FIG. 2 shows examples of waveforms which appear at the correspondingly labelled inputs and output of the apparatus shown schematically in FIG. 1. An on-off binary signal (A) is shown having a bit rate of 1/TB. The two carrier waveforms (shown at C and E) would, in general, have frequencies much higher than the bit rate of the binary signal. In FIG. 2 however the number of cycles occurring within a bit-period has been much reduced for clarity. For the same reason, envelope ripple is also exaggerated. In this example, the frequency difference between carrier waves is equal to the bit rate. As can be seen from inspection of the waveforms shown, this ensures continuity of phase at the frequency change-over points and minimum envelope ripple of the output waveform appearing at H.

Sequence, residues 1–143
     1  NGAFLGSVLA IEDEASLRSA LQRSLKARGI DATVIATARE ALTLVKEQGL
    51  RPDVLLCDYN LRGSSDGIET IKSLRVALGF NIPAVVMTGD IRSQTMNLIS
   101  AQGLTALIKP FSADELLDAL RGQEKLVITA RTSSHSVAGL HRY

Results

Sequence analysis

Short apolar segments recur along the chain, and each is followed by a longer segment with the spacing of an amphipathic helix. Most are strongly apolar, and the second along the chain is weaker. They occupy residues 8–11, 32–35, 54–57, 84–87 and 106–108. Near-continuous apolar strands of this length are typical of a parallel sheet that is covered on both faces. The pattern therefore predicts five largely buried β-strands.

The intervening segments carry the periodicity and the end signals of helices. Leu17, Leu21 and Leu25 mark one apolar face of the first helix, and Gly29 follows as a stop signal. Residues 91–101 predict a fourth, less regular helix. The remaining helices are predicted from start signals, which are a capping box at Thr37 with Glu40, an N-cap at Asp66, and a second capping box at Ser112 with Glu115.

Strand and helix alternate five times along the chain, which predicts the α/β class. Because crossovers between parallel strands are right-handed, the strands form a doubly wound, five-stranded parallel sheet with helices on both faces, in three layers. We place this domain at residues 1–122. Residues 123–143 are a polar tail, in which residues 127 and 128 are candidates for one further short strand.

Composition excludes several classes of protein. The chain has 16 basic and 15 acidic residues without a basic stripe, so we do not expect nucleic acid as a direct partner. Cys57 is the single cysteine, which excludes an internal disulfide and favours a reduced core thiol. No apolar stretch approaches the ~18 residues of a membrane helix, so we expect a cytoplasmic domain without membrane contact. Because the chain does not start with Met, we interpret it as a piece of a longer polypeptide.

FIG. 3 shows the spectral envelopes of a CFEK modulated wave and an MSK modulated wave. The two spectra have been normalised to the same equivalent carrier power and superimposed. The spectra were both generated using a digital signal from a 2047-bit pseudo-random sequence generator with a bit-rate of 16 kHz. The carrier wave frequencies were 50 MHz±8 kHz. The main lobes of both spectra are almost co-incident but successive side-lobes are more and more attenuated in the case of CFEK. Examination of the CFEK signal in the time-domain revealed an envelope ripple of 1.25 dB.
While the spectrum corresponding to specific values of carrier frequencies and bit-rate has been presented in FIG. 3 it will be appreciated that the invention will perform in a similar fashion at other carrier frequencies and bit rates and exhibit the same superior performance in side-lobe suppression compared with an MSK process.